Rebecca Hendren, for HealthLeaders Media, June 7, 2011
Nurses are rallying in Washington, DC, today to bring attention to average Americans' healthcare hardships, saying the economic downturn has resulted in a health emergency for many in this country.
The event has been organized by National Nurses United, the country's largest nursing union, which represents 170,000 nurses. NNU expects nurses to be joined by labor and community allies and will rally in front of the White House, Congress, and the Chamber of Commerce.
The NNU is proposing a "Main Street Contract for the American People," which, according to a press release, is "a program for rebuilding American communities with jobs, healthcare, education, and other urgent needs, funded through a fair tax policy targeted at those on Wall Street who created the economic crisis."
The event puts nurses at the forefront of healthcare reform discussions and positions them as advocates for patients. The presentations will link the recession and everyday Americans' economic woes to a myriad of problems, including poor health outcomes.
"We're here to talk about reinvesting in America in turns of investing in our communities," says DeAnn McEwen, RN, co-president of the California Nurses Association. "We believe it has to change. People are suffering. We see them every day. They have lost their jobs, they are suffering illnesses, hospitals are closing beds. There's a whole population of people who have lost their healthcare coverage."
In an article in NNU's magazine for members, the organization posited that healthcare legislation missed its chance to reform the industry and instead served to further entrench an insurance system that leaves too many Americans uninsured or underinsured. It states that too many are either without care or shoulder so much of the economic responsibility for healthcare that it leaves them financially strapped or forced to choose between medical care and essential household payments.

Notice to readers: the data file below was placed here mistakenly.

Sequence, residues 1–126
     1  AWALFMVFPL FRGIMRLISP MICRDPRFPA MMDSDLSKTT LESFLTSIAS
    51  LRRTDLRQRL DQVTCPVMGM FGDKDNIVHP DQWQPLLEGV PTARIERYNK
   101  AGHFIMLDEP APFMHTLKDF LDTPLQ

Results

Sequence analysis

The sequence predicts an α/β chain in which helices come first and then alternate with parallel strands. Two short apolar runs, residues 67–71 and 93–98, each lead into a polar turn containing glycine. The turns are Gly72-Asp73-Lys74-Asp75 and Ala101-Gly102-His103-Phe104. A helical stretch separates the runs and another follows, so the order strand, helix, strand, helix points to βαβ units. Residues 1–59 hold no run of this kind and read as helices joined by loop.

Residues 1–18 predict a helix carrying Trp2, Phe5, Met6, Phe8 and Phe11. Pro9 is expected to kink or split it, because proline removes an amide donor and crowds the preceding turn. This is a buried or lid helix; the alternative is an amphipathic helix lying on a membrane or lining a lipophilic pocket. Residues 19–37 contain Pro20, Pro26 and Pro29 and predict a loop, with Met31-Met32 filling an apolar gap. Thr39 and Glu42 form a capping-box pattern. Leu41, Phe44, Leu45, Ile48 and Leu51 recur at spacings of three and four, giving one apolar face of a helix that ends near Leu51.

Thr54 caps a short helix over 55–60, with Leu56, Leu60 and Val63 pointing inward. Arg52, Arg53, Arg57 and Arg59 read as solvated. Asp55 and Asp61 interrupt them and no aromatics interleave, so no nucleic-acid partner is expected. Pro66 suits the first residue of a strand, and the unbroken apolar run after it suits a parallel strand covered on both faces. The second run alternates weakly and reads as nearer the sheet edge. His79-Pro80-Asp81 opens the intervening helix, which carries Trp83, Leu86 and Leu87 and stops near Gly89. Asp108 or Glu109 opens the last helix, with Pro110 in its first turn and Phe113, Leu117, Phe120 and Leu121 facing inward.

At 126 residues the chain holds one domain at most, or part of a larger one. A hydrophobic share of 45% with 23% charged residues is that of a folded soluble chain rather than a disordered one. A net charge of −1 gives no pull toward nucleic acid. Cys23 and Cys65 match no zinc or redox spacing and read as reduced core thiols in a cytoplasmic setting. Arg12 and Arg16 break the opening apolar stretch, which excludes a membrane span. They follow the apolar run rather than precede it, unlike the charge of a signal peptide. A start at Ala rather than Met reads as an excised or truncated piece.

"We see something wrong and we have credibility with the public," says McEwen. "As the public's advocates, they trust and depend on us to run interference. It's our duty and right to stand up and say this is wrong. We see tremendous disparity between rich and poor."
U.S. Senators Bernie Sanders and Barbara Boxer (authors of two NNU-sponsored bills), AFL-CIO President Richard Trumka, and other legislators and community leaders will be speaking at the event. Boxer has introduced a patient safety bill that would establish minimum RN to patient ratios at all acute care hospitals across all shifts, as well as patient classification systems to ensure appropriate staffing.
"Numerous studies have been released saying patients suffer from preventable complications when there are not sufficient numbers of RNs at the bedside to meet their needs," says McEwen. "That's what breaks our hearts. We see people being harmed by this system when there aren't sufficient numbers of people there."
This event will likely garner coverage from mainstream media and serve to reinforce the public's impression that nurses are true patient advocates. Year after year, nurses are voted the most trusted professionals in the country in a national Gallup survey, and this type of event further solidifies in the public's mind that nurses have their best interest at heart.
It's a savvy move by NNU. Nurses are uniquely positioned to understand the way healthcare is delivered and experienced in this country and they see all too often the realities of how that care is delivered and the hardships often faced. As such, their voice is crucial in discussions about reform and provision of care.
NNU has found a large soapbox to ensure its voice is heard. And in doing so, it has served to solidify the impression of nurses as patient advocates. The next time contract discussions at a hospital represented by NNU heat up, this campaign will be included in the media coverage. If nurses are calling for patient ratios or more staff from a big business healthcare system, who is more likely to receive the most public support?